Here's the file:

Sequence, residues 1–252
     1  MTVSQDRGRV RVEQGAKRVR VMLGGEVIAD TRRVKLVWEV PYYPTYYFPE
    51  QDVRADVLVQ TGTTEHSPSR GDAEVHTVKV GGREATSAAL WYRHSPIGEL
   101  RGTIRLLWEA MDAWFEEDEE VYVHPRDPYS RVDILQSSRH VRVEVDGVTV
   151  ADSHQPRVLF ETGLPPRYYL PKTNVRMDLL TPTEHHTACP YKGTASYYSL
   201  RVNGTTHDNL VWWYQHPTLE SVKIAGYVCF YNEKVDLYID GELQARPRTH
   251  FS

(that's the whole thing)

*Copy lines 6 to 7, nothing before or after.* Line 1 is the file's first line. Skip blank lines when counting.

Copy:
   201  RVNGTTHDNL VWWYQHPTLE SVKIAGYVCF YNEKVDLYID GELQARPRTH
   251  FS